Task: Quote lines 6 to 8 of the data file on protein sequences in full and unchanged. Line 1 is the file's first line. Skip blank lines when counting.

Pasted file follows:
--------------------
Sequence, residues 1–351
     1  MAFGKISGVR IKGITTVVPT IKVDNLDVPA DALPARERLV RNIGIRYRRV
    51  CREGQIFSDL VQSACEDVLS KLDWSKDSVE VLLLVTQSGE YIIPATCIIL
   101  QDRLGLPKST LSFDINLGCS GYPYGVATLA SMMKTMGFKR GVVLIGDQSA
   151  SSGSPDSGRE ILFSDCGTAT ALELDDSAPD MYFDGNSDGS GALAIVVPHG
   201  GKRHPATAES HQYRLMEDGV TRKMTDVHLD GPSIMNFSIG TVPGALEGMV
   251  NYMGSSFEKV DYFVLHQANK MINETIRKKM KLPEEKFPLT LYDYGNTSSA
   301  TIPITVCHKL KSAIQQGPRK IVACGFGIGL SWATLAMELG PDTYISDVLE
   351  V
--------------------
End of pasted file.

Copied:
   201  GKRHPATAES HQYRLMEDGV TRKMTDVHLD GPSIMNFSIG TVPGALEGMV
   251  NYMGSSFEKV DYFVLHQANK MINETIRKKM KLPEEKFPLT LYDYGNTSSA
   301  TIPITVCHKL KSAIQQGPRK IVACGFGIGL SWATLAMELG PDTYISDVLE